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Movie veteran shares secret on beating the odds

By Contributed
On April 19, 2012

Nearly half of us have given up on the notion that we can get ahead by digging in and working hard, but the American dream still has a champion in Hollywood TV and film director Guy Magar ("La Femme Nikita," "The A-Team," "Battlestar Galactica").

As with so many stories out of Hollywood, Magar's reads like a made-for-TV movie. A young Egyptian refugee immigrates to the United States and latches onto two dreams: becoming a filmmaker and finding his one, true love. Despite being a kid from the New York suburbs with no connections to the film industry, he finds a way to manage the first. And, after years of searching, he finally gets the girl, too.

He discounts the ABC News/Yahoo poll that found that, at the height of the recession, 43 percent of us had lost faith in the American dream.

"People have suffered because of the economy, but there have always been economic ups and downs - and there have always been Americans making their dreams come true," he says. "My dreams were seemingly unattainable, but I made them happen because mine was a passionate pursuit - I never stopped trying and that's what it takes."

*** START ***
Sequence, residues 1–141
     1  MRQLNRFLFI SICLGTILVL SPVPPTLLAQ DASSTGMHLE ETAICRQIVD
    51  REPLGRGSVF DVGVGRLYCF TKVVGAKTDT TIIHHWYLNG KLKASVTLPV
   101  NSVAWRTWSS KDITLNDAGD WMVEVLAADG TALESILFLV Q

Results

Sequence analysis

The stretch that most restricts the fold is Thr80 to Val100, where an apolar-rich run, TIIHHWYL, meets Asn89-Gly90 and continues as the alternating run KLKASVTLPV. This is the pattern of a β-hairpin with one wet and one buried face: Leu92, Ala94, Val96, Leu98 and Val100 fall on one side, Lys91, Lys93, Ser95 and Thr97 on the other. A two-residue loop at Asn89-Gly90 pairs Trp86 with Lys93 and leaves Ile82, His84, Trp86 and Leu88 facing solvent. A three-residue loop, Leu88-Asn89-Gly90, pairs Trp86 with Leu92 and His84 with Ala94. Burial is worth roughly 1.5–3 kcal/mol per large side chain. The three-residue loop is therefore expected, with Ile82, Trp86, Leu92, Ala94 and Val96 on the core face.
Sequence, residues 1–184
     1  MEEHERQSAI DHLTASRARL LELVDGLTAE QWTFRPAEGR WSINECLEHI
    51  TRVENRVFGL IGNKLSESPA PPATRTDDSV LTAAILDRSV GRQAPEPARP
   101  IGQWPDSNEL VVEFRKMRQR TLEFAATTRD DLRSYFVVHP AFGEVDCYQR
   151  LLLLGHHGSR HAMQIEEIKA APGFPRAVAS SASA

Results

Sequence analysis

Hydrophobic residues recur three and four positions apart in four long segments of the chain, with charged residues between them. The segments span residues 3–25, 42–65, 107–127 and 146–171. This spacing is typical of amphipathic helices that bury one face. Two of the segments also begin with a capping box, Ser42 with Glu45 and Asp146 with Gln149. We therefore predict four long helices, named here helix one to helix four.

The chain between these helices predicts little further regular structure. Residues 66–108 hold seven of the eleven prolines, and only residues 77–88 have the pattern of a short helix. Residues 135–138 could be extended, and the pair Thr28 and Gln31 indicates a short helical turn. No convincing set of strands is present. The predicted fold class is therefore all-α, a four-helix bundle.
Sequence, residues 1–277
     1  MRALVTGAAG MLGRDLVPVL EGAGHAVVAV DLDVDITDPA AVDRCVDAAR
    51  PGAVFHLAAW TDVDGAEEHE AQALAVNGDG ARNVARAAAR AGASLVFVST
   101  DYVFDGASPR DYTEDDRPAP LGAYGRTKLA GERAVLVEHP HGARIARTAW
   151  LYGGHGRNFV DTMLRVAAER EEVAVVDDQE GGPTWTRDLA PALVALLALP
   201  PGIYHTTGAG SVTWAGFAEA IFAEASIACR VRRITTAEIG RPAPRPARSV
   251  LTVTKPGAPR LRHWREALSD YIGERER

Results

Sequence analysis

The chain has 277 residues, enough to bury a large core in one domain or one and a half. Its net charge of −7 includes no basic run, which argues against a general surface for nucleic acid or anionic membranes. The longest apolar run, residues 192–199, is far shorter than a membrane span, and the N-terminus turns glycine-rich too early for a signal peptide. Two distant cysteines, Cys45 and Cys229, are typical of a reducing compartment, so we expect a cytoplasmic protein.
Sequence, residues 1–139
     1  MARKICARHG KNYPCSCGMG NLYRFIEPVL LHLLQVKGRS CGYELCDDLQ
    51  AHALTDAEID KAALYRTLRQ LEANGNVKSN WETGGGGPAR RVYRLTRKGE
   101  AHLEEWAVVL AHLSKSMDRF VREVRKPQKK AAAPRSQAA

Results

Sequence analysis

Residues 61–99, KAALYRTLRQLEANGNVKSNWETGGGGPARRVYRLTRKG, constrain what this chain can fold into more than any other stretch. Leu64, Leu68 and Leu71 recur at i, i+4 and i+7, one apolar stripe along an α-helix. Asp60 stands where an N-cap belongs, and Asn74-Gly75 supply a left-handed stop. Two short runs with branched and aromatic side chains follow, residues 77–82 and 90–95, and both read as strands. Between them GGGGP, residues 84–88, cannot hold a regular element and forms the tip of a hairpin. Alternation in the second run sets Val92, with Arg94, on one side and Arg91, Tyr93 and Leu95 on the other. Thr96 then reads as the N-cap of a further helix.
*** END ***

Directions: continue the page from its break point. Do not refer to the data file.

How can anyone overcome seemingly insurmountable odds? Magar offers his recipe for success:

• Dare to dream. If you have a career dream, find a way to experience it through school or internships to make sure it's a profession you love. Dreams require passion, and you may not have enough to fuel a hard journey if you haven't tested the waters first.

• Don't settle. It's easy to jump the gun at 22, or panic at 32, but when you have a dream you're passionate about, you need to believe in yourself and hold fast, Mager says.

• Work at it like there's no tomorrow. Magar's first feature film, "Retribution," required 12-hour days seven days a week for three months - just for the prep work of finding locations, working on the script, casting, sets and costumes. He knew how to get it done.

Magar immigrated to New York City with his family in 1958 after a military coup radically changed Egypt.

The family came with nothing, and Magar spoke no English. Eventually, their situation improved and Magar finished his growing-up years as a middle-class kid in an idyllic little New York town.

It wasn't until after he'd graduated from Rutgers College with a degree in philosophy that he discovered his love for telling stories visually through film.

This article was submitted by Ginny Grimsley, national print campaign manager of News and Experts.

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